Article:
Publius Vergilius Maro, the talented young Mantuan best known to the modern world as Virgil, the poet of the Aeneid (c. 29- 19 b.c.e.), began his career by writing ten pastorals in the style of the third century Greek poet Theocritus. His achievement extended the range of the Latin language into the rarefied literary territory of his Greek predecessor even as he portrayed Augustus’s Italy as a neo-Roman Arcadia. This harmonized well with the aims of the emperor. Augustus had, after all, stabilized Rome following the chaos of the civil war and the Gracchan land reforms. Then, having defeated Marcus Antonius, Augustus set about creating a popular myth of Rome and Italy as he would have liked them always to be seen.
Augustus commissioned and supervised the building of the Ara Pacis, the “Altar of Peace,” which contemporary tourists in Rome can see fully reassembled within a glass pavilion commissioned by Benito Mussolini. This monument to Augustan peace pairs the mythic harmony of a powerful senate (which was, in fact, virtually powerless after the accession of Augustus) with the bounty of the goddess Italia and the chubby infants Romulus and Remus. Deeply carved marble could not, however, disguise the reality that on Augustus’s accession to the throne, Rome was a city of mud-brick, not marble; discontented veterans of various vintages had pillaged its countryside after being promised, but not given, homestead farms. Grain riots in the city itself were common, primarily because uncertainty and war had made plantings irregular and harvests meager.
Virgil (or, more properly, Vergil), a country boy fresh from the village of Andes near Mantua, entered Rome against this chaotic background. He joined the circle of Gaius Maecenas, who was also the patron of the distinguished poets Quintus Horatius Flaccus (Horace) and Publius Ovidius Naso (Ovid). Vergil’s affection for the Italian countryside was genuine, and he set about writing the collection called Eclogues, then the Georgics, a farmer’s calendar based on Erga kai Emerai (c. 700 b.c.e.; Works and Days, 1618) by the Greek poet Hesiod. Vergil’s use of such sources was homage to distinguished literary predecessors, but it was also a test of Vergil as a Latin poet. His challenge was to adapt and refashion Greek verse to Roman sensibility, and to do this in the most exalted vocabulary and meter. Vergil gave Greek titles to his pastoral collections, but both the Eclogues and the Georgics are thoroughly Roman in spirit despite their Greek inspirations.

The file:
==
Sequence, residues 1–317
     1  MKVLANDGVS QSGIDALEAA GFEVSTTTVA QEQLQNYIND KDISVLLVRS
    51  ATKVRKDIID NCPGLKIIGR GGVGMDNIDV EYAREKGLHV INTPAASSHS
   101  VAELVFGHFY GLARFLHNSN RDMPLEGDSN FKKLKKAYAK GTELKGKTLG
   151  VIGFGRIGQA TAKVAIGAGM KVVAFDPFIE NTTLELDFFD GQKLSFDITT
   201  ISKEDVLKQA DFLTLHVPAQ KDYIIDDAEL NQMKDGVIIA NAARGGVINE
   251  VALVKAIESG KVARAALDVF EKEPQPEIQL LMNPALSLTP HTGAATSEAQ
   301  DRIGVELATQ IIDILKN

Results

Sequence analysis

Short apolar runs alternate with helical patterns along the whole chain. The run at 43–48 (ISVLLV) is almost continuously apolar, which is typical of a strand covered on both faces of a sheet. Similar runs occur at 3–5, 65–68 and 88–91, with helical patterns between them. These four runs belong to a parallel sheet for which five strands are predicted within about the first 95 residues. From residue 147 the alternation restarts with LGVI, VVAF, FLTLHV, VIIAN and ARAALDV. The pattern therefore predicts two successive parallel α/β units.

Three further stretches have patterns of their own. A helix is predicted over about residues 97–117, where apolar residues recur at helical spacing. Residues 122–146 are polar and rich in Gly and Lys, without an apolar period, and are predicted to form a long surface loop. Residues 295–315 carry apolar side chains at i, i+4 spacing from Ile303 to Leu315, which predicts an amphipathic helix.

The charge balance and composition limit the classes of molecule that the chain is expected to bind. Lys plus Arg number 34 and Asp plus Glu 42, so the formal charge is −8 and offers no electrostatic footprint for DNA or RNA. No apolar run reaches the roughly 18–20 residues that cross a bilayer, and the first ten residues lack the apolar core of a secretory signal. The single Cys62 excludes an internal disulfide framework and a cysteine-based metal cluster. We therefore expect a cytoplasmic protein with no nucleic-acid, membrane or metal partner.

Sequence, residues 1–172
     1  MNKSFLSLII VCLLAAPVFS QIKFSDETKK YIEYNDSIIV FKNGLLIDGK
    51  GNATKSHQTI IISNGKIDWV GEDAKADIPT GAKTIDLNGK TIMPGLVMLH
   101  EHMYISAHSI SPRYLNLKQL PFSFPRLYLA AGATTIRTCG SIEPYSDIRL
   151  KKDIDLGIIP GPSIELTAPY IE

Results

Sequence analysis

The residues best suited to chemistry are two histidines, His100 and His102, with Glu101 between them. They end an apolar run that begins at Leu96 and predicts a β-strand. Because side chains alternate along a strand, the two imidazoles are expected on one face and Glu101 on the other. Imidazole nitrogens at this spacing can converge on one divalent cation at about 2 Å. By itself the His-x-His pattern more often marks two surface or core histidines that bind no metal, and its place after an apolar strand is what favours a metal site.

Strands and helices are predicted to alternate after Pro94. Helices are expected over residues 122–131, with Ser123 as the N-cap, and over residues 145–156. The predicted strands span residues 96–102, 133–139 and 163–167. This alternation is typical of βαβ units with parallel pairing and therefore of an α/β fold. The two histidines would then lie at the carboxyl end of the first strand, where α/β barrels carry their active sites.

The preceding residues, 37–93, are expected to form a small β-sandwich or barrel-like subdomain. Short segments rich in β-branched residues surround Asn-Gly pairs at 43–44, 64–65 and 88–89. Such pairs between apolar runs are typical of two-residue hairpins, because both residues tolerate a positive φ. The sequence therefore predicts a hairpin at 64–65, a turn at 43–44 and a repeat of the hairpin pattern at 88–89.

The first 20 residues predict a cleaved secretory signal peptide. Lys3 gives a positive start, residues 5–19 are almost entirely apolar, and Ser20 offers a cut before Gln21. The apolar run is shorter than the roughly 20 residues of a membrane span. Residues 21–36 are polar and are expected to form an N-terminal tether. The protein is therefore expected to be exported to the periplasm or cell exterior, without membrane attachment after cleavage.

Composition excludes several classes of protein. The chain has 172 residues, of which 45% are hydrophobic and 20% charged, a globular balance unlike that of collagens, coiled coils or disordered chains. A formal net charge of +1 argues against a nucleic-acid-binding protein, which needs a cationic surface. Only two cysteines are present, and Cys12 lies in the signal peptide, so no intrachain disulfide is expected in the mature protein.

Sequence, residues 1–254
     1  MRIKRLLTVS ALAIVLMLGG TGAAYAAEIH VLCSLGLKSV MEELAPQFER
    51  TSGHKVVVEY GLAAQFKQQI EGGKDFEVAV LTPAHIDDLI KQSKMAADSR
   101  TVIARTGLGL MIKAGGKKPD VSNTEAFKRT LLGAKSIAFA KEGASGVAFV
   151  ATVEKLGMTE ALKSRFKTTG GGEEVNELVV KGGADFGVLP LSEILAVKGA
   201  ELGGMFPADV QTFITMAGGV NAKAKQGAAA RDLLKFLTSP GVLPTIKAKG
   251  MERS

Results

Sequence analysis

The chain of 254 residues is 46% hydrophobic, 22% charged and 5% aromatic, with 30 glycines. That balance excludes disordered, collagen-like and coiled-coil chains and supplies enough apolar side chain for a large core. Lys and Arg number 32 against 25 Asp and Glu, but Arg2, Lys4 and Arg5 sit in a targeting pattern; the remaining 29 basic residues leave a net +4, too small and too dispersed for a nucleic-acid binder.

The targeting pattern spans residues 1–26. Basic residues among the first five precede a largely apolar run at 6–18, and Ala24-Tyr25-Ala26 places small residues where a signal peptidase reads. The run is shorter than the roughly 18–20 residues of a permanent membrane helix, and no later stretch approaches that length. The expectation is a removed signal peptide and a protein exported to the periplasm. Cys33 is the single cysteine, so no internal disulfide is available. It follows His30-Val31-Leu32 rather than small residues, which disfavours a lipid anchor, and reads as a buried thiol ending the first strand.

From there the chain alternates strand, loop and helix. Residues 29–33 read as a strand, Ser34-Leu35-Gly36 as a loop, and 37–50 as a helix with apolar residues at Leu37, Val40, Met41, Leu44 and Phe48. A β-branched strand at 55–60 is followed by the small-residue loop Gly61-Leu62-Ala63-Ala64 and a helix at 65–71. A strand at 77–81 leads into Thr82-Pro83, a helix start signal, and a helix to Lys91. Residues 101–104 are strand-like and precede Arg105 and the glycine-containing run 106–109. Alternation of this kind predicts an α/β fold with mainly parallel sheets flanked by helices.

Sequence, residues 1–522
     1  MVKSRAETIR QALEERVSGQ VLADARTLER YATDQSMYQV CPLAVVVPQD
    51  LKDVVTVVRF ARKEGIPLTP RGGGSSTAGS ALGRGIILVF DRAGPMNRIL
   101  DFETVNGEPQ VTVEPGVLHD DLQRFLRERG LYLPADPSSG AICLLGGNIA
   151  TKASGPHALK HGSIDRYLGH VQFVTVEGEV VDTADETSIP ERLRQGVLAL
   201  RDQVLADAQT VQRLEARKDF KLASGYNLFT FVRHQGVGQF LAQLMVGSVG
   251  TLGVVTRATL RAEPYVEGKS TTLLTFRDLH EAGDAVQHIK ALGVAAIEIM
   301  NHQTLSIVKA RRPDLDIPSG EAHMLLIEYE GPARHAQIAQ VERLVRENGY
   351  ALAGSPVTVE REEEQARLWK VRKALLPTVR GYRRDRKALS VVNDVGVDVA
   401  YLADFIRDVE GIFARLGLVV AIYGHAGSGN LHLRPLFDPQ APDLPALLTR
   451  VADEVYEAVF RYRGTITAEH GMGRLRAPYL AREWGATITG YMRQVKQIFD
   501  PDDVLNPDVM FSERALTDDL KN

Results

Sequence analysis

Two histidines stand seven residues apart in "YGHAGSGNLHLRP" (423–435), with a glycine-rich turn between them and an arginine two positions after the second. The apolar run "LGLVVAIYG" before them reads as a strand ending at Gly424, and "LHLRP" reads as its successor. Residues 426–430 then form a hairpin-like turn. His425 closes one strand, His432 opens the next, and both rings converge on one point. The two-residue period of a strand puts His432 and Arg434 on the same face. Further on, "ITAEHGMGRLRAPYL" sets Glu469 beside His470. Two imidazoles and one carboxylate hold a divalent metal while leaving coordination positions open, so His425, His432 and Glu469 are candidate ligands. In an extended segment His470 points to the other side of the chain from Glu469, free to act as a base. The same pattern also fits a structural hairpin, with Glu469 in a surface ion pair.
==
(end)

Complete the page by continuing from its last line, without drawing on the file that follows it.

Much goes on beneath the surface in the ten poems known as the Eclogues, and David Ferry’s translation frequently captures the tension just beneath the placid surface. For example, the first eclogue contrasts the situations of two shepherd farmers with the Theocritean names Tityrus and Meliboeus. Tityrus plays his rustic pipe, at ease amid the abundance of his land, declaring that deus nobis haec otia fecit, “a god [presumably Augustus] gave me this peace,” as Ferry renders it, though otium also carries the implication of an indolent rest. Meliboeus, quick to assert that he does not maliciously envy Tityrus, describes his own situation in contrast. His livestock fail to produce and he has to leave his farm, as do others in his circumstance. These unfortunates go to the four corners of the earth.
. . . ibimus Afros,
pars Scythiam et rapidum cretae ueniemus Oaxen
et penitus toto diuisos orbe Britannos.
. . . we . . . go . . .
. . . to. . . Africa,
Some to Scythia, some to the region where
Oaxes rushes over its chalky bed,
Some as far away as among the Britons, . . .
The first eclogue could hardly be a better masque for Augustus’s Italy. After he had defeated Brutus and Cassius at Philippi in 42 b.c.e., Augustus needed land to provide the homesteads he had promised to his veterans. The most fortunate ones got farms in Italy, often by forced removal of the previous tenants, who were frequently those who had supported Brutus or Cassius. A select few (like Tityrus) could remain because of the emperor’s personal intervention. Still, the man who gave Tityrus otium to play his pipe also caused the displacement of Meliboeus. While placidity prevails, unhappiness is also present. Both men are aware that the day the poem celebrates is the last of a historical period. They have a dislocating awareness, all too frequently recognizable to modern readers, that something once very agreeable will never again be as it had been. There is the promise represented by Tityrus, who is happy with his new love Amaryllis, but there is also the poignant sadness of Meliboeus going forward into an unknown future.
This is merely one example of the paradoxical tension in Vergil’s vision of Arcadia. The...
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